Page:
FT. BELVOIR (14 June 2013) Following extensive testing of vendor-submitted camouflage patterns, the Army announced today that the Camouflage Improvement Effort (CIE) competition will formally conclude without the selection of a winner. None of the camouflage patterns evaluated during the Phase IV testing phase of the competition met the minimum scoring requirements needed to satisfy the requirements of the CIE.
    In lieu of a new competition for a new family of camouflage patterns, the Army will continue fielding and equipping Soldiers with the uniforms and Operational Clothing and Individual Equipment (OCIE) in the Universal Camouflage Pattern (UCP), which consistently performs well in the NIR spectrum and has been proven in combat operations since its fielding in 2004. Given limited fiscal resources, the Army’s decision would free CIE funding to address other high priority Army needs and align Army Combat Uniform requirements with those of its sister services within the Department of Defense. This decision is also consistent with recent direction given by the House Armed Services Committee proposed Requirement to Establish Policy on Joint Combat Uniforms” which recommends the abolition of service specific camouflage patterns. The CIE program consisted of a four-phased competitive strategy to determine whether industry could provide a best-value, improved alternative to the UCP. Phase I began in Fall, 2009 and consisted of end user evaluations of the in-service UCP, modified UCP, and a commercial camouflage pattern in the Afghanistan theatre of operations. Feedback was taken from the end users based on their experiences with the camouflage patterns regarding their effectiveness at reducing visual and NIR signatures within the operating environment. Concurrently, Phase II was conducted in Afghanistan in October 2009 to obtain photos and information with maximum practicality in order to develop a photo-simulation study comparing the various camouflage pattern performance in the Afghanistan theatre of operations. The photo-simulation study was administered to soldiers who had recently served in Afghanistan. The soldiers’ input was objective and subjective, comparing detectability (the range at which the soldiers could detect the uniform), blendability and blending order. Based on an analysis of Phase I and II data, the Army evaluated whether to produce and field alternate uniforms and OCIE to selected units in specific regions of OEF or to all units in the operation. In February 2010, Secretary of the Army John McHugh announced that the Army would provide combat uniforms in the Operation Enduring Freedom Camouflage Pattern (OCP) to all soldiers deploying to OEF-Afghanistan. Phase IV of the CIE’s primary focus was the evaluation of long-term Army Combat Uniform camouflage options for all soldiers. The U.S. Army Training and Doctrine Command was assigned to develop a performance-based requirement for future uniform and OCIE camouflage. On June 29, 2010, the army released a Sources Sought notice inviting companies to submit candidates for a family of three camouflage patterns — woodland, desert and transitional — and one pattern for OCIE blending with all three patterns. “Family” is defined as “of the same or similar geometry with coordinating color palettes to cross the global operating environments”. This family of patterns was intended to enable the Army to issue the transitional pattern to all soldiers, while issuing the woodland and desert patterns to those operating in those environments. The evaluation methods used earlier (both photosimulation and field testing) was applied to the candidate patterns as well, underscoring the validity and utility of the Phase II effort. At the conclusion of Phase IV testing and evaluation, however, no competitor demonstrated a significant improvement in signature reduction which met the CIE requirements. Consistent with the program’s search for superior capability, the test for signature reduction was exceptionally rigorous and exceeded performance experienced in a typical operational environment. The Army’s decision not to pursue a new CIE was reached following careful consideration of the Army’s operational requirements in the context of the available signature reduction technology, the constrained fiscal environment, and the direction mandated by the House Armed Services Committee regarding abolition of service unique camouflage patterns. The Army remains committed to the development of signature reduction efforts that support soldier modernization.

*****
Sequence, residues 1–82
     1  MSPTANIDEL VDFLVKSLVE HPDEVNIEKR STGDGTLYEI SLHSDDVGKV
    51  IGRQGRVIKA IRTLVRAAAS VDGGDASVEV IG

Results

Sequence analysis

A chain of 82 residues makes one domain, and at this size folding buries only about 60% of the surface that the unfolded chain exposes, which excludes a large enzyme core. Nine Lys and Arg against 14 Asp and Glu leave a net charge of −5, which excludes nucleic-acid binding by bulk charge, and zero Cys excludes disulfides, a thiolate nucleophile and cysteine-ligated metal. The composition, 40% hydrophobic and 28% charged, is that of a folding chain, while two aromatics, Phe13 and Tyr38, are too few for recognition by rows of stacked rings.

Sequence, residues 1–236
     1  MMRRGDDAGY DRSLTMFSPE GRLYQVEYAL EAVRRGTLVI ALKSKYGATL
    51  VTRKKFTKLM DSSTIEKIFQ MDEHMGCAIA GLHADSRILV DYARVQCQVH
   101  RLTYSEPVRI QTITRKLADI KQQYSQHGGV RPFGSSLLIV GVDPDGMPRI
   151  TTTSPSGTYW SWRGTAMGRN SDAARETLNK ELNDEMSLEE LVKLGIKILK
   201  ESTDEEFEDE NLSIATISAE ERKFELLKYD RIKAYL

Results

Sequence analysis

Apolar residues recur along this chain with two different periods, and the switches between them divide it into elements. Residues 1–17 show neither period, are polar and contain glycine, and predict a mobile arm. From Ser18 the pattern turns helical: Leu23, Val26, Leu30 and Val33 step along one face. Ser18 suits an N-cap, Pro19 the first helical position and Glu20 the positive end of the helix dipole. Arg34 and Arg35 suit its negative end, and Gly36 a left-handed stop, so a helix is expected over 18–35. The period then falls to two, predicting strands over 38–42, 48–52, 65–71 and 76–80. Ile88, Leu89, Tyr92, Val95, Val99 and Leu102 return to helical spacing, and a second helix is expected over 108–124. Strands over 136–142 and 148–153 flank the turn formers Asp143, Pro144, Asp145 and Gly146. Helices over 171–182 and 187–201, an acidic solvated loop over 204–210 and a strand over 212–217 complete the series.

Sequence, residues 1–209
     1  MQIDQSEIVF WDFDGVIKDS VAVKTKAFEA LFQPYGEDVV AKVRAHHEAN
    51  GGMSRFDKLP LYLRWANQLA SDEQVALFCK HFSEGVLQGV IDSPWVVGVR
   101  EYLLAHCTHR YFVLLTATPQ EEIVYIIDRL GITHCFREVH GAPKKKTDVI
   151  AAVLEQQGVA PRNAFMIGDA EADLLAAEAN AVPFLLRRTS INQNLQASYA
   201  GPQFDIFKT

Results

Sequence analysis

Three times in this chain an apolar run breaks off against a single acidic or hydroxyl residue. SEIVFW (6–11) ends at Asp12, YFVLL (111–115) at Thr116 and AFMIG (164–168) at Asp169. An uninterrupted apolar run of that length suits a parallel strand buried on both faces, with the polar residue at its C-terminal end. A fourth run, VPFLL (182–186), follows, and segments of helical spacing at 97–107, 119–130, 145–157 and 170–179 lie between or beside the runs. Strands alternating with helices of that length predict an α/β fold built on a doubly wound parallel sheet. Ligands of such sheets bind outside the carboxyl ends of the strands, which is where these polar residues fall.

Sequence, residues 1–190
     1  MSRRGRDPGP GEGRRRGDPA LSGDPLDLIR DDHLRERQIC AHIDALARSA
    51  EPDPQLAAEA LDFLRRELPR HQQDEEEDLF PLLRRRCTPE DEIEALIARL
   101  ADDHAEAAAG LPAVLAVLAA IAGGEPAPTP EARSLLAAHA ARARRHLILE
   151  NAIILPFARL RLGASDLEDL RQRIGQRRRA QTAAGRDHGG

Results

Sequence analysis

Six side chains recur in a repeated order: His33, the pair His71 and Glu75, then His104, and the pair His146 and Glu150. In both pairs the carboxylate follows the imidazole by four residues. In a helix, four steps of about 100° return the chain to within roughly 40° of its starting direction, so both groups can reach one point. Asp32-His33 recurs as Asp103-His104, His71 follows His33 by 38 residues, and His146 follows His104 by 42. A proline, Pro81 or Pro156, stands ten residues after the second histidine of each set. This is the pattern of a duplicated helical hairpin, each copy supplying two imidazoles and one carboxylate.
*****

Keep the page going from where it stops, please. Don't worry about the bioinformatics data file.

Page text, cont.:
• AirborneLTW says:

      I call trolling.

      “Universal Camouflage Pattern (UCP), which consistently performs well”

  3. Dave says:

    Complete garbage! ACU is garbage! We already have put tons on money into the Afghan camouflage, why not use that which has proven to work and has different shades to make the “Camouflage Family”. Or really save some money and go to OD Green with certain apparel cut or pocket placement “No more velcro!” Look at how long Israel has been using just green in a semi desert/urban/wooded terrain! Just embarrassing.

  4. Stone06 says:

    Holy Crap! Will people quit asking SSD to reveal the winner. We all come here because SSD releases good, reliable, and current info about gear. He has quality information due to good working relationships with manufactures etc. Do you really think this site would last much longer if he just shat on his established reputation in the industry?

    In regards to no announcement from the Army, it sucks. On to new business.

  5. AirborneLTW says:

    No announcement because Army “Leadership” is weak.

  6. […] up this week was Soldier Systems Daily reporting that, contrary to the rumor that was generally agreed to be true, the Secretary of the […]

  7. RedAce says:

    More people will die unnecessarily because of the ACUs. We need better camo, ASAP.